Sept 27, 2023 – Salesforce announced the retirement of Salesforce Functions, aka Salesforce Elastic Services – https://devcenter.heroku.com/articles/salesforce-functions-retirement
This article gives a quick snapshot of the history of Salesforce functions(aka Evergreen) and the next steps from here.
What are Salesforce Functions?
Not many got their hands on Salesforce Functions, so its quite possible you missed out on this feature, here < 1 minute info on it:
Salesforce Functions are serverless, scalable code blocks in Apex, Java, Python, NodeJS, etc.
Invoked by Apex or low-code tools likeSalesforce Flow. They auto-scale,bypassing API limits of off-platformsolutions.
Learn more here – https://developer.salesforce.com/docs/platform/functions/guide/index
Timeline / History of Salesforce Functions
- Announcement (Dreamforce 2019) – Announced as “Evergreen”: Serverless Functions & Compute for Customer 360 Platform
- Alpha Release (Q1 2020) – Limited access for testing and feedback.
- General Availability (Oct 12, 2021) – Salesforce Functions becomes generally available to all users.
- Container-less (Mar 1, 2022) – Run and test Salesforce Functions locally using the Salesforce CLI; no container containers are required.
- New Regions & Languages (Jan 4, 2023) –
- Salesforce Functions is available in 6 regions around the world. Previously, Salesforce Functions compute environments were only located in Virginia, USA.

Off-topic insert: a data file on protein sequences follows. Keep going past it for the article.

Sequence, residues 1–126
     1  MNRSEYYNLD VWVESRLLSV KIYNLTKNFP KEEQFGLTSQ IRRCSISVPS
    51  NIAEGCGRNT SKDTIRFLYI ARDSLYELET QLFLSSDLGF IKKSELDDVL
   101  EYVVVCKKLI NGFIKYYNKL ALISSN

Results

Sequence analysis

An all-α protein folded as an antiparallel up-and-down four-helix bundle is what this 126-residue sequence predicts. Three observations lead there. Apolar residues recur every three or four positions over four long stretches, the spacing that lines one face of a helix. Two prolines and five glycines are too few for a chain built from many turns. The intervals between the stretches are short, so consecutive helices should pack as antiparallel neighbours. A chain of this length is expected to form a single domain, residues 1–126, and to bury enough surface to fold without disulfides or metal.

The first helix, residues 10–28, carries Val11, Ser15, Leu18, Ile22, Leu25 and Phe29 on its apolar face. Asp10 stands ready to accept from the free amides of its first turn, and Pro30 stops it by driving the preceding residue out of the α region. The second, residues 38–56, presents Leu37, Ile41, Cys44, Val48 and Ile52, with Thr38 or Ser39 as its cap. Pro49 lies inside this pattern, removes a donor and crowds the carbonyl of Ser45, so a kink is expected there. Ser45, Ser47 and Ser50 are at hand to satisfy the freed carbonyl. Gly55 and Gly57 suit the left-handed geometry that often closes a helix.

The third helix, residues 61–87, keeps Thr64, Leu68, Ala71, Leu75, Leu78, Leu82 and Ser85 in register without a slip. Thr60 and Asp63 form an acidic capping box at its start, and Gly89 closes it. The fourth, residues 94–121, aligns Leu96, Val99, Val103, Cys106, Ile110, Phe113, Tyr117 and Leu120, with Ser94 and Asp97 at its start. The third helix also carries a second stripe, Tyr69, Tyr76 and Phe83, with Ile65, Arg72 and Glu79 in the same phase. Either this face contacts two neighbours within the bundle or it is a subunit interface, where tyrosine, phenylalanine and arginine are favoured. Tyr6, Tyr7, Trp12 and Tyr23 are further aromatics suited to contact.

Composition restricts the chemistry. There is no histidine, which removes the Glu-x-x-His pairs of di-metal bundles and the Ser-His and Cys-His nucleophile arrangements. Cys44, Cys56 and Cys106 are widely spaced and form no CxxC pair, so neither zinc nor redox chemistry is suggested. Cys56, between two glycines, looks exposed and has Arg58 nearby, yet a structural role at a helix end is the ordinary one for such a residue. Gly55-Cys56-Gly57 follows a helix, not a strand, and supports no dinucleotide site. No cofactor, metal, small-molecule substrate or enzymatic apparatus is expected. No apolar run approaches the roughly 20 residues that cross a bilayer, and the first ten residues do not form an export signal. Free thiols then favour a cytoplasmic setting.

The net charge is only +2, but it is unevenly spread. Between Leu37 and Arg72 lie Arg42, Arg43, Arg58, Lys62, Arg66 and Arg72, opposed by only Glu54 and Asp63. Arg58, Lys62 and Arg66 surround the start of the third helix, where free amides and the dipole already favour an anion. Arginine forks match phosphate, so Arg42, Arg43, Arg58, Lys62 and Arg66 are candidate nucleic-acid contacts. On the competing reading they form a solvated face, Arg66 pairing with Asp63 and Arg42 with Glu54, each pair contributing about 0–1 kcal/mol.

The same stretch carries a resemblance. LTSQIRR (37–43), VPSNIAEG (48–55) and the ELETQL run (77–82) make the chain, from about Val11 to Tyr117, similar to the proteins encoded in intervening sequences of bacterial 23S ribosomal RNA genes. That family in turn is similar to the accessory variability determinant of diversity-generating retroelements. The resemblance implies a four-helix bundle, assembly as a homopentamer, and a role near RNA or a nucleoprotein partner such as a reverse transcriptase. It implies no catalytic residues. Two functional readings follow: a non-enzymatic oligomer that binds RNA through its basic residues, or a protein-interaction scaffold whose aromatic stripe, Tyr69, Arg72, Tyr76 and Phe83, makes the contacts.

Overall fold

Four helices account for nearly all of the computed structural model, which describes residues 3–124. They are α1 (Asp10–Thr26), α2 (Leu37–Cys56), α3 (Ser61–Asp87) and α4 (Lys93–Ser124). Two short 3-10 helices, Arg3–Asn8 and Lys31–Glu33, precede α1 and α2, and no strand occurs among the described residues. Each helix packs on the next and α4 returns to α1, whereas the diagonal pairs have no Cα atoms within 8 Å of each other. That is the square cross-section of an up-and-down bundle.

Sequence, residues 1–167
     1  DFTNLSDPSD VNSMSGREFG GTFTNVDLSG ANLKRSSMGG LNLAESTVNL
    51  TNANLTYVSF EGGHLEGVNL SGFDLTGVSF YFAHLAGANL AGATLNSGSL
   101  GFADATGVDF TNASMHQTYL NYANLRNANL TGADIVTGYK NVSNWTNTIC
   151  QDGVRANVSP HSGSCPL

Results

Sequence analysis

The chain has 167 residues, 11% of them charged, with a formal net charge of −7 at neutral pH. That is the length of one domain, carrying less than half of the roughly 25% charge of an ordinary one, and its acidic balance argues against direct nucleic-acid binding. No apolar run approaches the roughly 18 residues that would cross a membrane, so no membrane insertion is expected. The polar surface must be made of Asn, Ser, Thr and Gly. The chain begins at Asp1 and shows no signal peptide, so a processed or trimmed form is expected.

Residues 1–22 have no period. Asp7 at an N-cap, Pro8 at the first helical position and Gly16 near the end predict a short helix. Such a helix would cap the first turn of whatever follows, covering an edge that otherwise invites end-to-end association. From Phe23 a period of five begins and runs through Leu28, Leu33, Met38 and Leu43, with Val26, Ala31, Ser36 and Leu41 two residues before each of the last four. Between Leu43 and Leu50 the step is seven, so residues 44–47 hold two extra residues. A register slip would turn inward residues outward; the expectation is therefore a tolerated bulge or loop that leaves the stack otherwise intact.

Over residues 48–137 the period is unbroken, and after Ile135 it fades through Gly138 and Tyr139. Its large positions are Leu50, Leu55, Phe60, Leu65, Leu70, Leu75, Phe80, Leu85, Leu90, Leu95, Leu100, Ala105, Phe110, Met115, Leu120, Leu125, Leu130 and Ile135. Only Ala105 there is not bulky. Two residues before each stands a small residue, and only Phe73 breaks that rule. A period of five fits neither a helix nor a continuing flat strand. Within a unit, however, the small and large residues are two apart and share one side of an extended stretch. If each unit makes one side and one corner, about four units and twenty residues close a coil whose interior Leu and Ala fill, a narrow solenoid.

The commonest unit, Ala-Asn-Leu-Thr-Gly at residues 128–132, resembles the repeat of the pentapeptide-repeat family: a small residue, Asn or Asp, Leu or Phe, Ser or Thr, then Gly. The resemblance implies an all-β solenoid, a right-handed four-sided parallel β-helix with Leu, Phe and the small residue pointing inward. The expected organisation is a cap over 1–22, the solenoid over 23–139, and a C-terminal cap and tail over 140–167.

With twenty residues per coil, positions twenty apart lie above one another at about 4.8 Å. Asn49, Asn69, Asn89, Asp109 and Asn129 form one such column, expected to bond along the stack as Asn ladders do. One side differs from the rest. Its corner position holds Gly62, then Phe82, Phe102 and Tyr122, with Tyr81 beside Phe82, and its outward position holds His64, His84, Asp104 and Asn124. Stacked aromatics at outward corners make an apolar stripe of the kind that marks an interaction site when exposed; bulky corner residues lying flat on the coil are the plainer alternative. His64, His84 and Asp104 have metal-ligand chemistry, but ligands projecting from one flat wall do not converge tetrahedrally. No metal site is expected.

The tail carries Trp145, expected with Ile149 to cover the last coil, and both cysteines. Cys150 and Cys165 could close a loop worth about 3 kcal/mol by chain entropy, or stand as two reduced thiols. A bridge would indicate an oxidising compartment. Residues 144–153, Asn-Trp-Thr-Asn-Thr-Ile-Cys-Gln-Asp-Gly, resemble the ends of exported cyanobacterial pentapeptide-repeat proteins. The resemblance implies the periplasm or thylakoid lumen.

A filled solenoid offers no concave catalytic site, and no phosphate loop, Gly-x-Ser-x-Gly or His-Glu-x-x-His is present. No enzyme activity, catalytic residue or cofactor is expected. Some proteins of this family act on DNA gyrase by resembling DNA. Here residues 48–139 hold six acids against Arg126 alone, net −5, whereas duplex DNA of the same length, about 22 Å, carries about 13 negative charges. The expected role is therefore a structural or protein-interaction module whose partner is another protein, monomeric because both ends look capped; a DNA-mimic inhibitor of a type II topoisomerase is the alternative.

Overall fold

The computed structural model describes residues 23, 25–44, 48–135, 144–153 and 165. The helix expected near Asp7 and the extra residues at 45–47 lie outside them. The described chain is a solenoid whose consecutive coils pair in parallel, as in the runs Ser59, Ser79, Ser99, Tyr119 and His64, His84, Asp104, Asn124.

- Python for Salesforce Functions in Open Beta
- Buildback Support (Feb 11, 2023) – Added support for custom build packs, they allow you to use other languages, libraries, and frameworks.
- Retirement Announcement (Sept 27, 2023) – Salesforce announced the retirement of Salesforce Functions, aka Salesforce Elastic Services.
- End of Sale (EOS) Oct 31, 2023 – The last day customers can purchase new Elastic Services subscriptions
- End of Renewal (EOR) Jan 31, 2024 – The last day customers can renew their existing Elastic Services subscriptions.
- End of Life (EOL) Jan 31, 2025 The last day Salesforce Functions will be available in Salesforce orgs
That could sound scary, depending on how complex your setup and dependency are on Salesforce functions.
Have a look at this official guide to educate yourself on the migration process – https://github.com/heroku/function-migration
Overall, the migration will require a good understanding of both Salesforce and Heroku platforms and could be a moderate to complex effort, depending on the existing setup. Here are some steps:
- Understanding the differences between SalesforceFunctions and Heroku apps.
- Set up Connected Apps.
- Update + Deploy Apex classes and triggers for function invocation.
- Deploy Custom metadata types and objects for functional metadata and tracking.
Feel free to drop your thoughts in the comments. Here are some key references:
- Official Announcement – https://devcenter.heroku.com/articles/salesforce-functions-retirement#retirement-timeline
- Migration Guide – https://github.com/heroku/function-migration
- Official Documentation – https://developer.salesforce.com/docs/platform/functions/guide/index